Why use paper and crayons when you can draw on windows with markers?
My husband invited us to visit him during a class he’s teaching on the intersection of design and improvisation (oh how I wish I had time to take this class!). He brought N a dry erase marker to keep her occupied. Can you find little sister up there?
He led her to the large sliding doors, and suggested that she could draw on them. Lucky kid!
She loved it…
And rose to the challenge. (Haha. I couldn’t resist!)
A couple days later, just before breakfast, we found N sitting on our dining room table, drawing on the windows. Gasp! It was all good once we replaced the magic marker with a dry erase marker. Thankfully no Sharpies were involved!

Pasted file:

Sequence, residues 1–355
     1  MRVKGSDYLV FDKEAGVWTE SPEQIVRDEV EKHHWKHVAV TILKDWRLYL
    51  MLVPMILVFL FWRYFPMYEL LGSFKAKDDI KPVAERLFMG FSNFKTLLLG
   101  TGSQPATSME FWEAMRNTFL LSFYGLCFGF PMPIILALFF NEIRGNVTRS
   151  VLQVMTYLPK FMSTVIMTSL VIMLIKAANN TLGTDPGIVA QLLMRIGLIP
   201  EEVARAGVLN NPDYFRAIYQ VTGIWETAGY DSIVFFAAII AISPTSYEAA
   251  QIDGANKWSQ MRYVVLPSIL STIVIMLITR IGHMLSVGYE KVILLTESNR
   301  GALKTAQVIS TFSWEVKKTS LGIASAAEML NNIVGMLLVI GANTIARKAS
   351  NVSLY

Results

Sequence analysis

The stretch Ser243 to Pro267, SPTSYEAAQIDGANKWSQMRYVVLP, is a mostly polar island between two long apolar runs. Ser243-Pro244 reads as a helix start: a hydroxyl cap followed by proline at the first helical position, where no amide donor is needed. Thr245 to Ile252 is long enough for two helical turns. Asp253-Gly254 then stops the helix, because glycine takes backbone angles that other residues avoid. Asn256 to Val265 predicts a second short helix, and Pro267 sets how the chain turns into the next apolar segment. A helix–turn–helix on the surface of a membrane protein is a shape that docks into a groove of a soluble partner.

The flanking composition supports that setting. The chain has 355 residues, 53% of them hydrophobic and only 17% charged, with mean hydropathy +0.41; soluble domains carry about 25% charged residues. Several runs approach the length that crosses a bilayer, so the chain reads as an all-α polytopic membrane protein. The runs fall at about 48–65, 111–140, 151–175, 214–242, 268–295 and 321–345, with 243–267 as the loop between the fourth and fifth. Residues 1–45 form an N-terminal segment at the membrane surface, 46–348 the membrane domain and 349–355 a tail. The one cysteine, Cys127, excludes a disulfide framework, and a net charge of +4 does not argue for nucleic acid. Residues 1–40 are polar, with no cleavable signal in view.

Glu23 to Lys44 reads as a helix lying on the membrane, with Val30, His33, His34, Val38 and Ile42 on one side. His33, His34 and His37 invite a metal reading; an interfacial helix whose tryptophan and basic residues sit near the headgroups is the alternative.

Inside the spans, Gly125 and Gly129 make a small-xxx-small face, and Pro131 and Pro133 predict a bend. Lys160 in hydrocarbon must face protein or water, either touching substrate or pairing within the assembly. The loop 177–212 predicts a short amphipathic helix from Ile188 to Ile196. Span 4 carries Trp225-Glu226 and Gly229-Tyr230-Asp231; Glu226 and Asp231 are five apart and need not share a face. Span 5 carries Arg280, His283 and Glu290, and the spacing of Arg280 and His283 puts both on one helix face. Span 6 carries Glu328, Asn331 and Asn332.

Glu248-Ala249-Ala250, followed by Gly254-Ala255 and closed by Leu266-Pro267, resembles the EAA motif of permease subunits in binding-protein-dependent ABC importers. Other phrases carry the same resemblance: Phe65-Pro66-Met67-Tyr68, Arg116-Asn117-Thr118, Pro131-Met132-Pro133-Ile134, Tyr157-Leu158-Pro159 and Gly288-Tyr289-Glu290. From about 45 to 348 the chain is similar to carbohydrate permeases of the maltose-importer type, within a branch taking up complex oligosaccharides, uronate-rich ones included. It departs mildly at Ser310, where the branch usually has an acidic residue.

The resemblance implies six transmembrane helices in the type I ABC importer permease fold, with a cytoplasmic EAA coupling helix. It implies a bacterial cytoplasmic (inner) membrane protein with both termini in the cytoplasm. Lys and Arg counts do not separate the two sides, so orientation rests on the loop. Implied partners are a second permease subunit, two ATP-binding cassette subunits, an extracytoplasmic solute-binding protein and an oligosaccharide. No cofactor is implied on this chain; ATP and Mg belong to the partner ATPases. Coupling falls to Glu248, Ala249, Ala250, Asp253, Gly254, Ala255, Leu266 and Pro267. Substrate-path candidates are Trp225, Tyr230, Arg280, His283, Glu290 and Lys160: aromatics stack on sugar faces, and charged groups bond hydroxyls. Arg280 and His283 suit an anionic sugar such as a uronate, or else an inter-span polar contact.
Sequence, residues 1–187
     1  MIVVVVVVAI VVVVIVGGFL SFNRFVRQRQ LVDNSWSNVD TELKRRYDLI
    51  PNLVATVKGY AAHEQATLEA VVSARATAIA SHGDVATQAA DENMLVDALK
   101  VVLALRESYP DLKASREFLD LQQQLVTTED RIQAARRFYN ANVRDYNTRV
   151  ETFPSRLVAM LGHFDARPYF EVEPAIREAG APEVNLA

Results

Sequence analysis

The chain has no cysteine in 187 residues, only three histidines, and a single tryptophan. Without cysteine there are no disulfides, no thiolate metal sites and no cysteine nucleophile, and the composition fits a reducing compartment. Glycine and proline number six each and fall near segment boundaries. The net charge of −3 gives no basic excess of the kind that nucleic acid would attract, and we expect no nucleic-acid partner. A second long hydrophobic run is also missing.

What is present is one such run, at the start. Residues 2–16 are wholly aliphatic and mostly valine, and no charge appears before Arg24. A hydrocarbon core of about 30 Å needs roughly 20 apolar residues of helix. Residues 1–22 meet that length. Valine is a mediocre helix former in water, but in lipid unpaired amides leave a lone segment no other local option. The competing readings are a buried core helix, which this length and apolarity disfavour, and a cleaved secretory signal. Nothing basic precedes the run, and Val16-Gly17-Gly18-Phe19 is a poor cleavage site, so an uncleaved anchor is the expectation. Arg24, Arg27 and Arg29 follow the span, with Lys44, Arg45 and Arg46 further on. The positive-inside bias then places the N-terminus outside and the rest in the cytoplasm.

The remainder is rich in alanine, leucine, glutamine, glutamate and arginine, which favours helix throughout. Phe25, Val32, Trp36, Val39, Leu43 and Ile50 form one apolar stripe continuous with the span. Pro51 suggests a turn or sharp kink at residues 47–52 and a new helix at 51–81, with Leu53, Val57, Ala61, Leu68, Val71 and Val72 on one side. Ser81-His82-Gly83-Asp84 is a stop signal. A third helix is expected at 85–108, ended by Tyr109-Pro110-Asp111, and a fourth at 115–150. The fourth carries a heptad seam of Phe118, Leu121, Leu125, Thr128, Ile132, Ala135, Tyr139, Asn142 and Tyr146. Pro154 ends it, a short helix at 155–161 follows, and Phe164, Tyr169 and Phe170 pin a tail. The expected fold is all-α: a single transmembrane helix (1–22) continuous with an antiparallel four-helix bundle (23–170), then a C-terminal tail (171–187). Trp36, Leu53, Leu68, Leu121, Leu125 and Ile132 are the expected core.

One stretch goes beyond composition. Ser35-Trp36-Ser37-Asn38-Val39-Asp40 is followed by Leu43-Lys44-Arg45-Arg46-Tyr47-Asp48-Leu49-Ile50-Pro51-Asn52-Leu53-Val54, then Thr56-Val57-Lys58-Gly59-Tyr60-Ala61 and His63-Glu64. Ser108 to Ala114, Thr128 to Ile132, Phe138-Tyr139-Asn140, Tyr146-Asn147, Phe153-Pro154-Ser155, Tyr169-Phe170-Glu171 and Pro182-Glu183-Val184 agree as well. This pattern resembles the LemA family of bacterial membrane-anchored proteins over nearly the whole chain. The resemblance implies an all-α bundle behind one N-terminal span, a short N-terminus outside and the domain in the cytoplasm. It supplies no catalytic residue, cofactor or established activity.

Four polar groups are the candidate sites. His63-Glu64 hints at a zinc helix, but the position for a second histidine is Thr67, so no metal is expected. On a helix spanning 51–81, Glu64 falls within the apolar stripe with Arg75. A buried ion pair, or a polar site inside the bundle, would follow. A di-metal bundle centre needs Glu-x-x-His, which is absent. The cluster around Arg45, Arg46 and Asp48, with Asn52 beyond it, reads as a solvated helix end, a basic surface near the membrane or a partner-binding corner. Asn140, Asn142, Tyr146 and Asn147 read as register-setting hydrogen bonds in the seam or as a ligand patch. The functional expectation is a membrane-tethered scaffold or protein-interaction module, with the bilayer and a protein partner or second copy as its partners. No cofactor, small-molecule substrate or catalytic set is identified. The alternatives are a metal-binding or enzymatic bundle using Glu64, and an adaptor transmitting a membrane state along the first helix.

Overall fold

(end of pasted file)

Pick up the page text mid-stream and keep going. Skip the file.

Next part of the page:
Thinking about her next drawing move.
Idea in mind, she was back to the window.
Sitting back to inspect and appreciate the handiwork.
This activity is great for pushing the envelope of material possibilities. All you need are a dry erase marker and a good-sized window. Dry erase markers can stain porous surfaces, so be sure to give clear instructions about where the markers can be used. Windows can be wiped clean with a soft rag or cloth.
For more on white board drawing, visit this related post: Wonderful Whiteboarding.